New book examines “lives” of Saint Gregory, Illuminator of Armenia

450px-gregory_the_illuminat1.jpgStatue of Saint Gregory at the Vatican.
Ann Arbor, Mich. – The conversion of Tiridates, king of Armenia, to Christianity by Saint Gregory the Illuminator at the beginning of the fourth century, is narrated in the History of the Armenians attributed to an unknown Agathangelos. The story was widely disseminated, and Saint Gregory became famous throughout the Christian world.

The Armenian text of Agathangelos’s History has been printed many times in the last three hundred years, and translated into English, French, and Italian.

Less well known is the fact that versions of the conversion with significant differences from the known Armenian History are found in Greek, Arabic, Syriac, and other languages. Ultimately, these derive from Armenian texts which were not preserved, and in the process of transmission further changes were introduced.

The most important of these early variants of the known tradition are found in Greek, Arabic, and Syriac. Now, for the first time, they have been translated into English, and are presented in comparison with each other and the surviving Armenian.

In his Introduction Professor Thomson traces the development of traditions concerning the life and work of Gregory the Illuminator as found in Armenian writers down to the fourteenth century. When such traditions are considered together with the versions of Agathangelos found in other languages, a more nuanced picture of the development of the early Armenian Church emerges.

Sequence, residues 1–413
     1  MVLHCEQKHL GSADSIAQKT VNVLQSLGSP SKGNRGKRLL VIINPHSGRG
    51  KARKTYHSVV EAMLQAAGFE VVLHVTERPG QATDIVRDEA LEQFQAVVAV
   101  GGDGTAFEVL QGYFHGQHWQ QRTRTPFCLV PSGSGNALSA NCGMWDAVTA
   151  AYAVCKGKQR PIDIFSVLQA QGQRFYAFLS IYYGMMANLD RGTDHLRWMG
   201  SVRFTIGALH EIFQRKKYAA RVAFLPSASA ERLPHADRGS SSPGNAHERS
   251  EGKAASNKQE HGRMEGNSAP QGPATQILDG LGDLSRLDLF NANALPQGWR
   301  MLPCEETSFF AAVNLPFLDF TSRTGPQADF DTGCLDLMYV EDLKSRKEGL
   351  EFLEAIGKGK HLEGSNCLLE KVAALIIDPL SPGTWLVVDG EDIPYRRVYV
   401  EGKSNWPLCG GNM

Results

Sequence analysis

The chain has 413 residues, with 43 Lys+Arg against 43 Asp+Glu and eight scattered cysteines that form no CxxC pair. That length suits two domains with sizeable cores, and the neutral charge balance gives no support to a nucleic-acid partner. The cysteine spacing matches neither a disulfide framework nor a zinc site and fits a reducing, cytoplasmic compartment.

The image of Saint Gregory was not fixed from the beginning, but underwent development over the centuries. A detailed commentary, a copious bibliography, and a map enhance the value of this publication for all interested in the history and literature of Armenia in the context of the Eastern Christian world.

Robert W. Thomson is Calouste Gulbenkian Professor of Armenian Studies emeritus in the University of Oxford. From 1969 to 1992 he was Mashtots Professor of Armenian Studies at Harvard University, and from 1984-1989 Director of Dumbarton Oaks in Washington, D.C. He has edited texts in Armenian, Syriac, and Greek, and has published numerous translations and studies of historical, philosophical, and theological works written in Armenian, Georgian, and Syriac. In 1995 he was elected a Fellow of the British Academy.

Robert W. Thomson, The Lives of Saint Gregory: The Armenian, Greek, Arabic, and Syriac Versions of the History Attributed to Agathangelos, translated with Introduction and Commentary. Ann Arbor: Caravan Books, 2010. ISBN 978-0-88206-118-4. Pp. 546. Map. $90.00.